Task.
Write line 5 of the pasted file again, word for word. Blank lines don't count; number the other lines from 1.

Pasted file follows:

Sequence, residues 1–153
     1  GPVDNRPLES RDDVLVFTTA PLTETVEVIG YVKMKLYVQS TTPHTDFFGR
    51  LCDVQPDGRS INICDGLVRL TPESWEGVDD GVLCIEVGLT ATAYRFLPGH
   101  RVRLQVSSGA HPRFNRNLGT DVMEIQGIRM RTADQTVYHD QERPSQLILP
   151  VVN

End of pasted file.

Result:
   151  VVN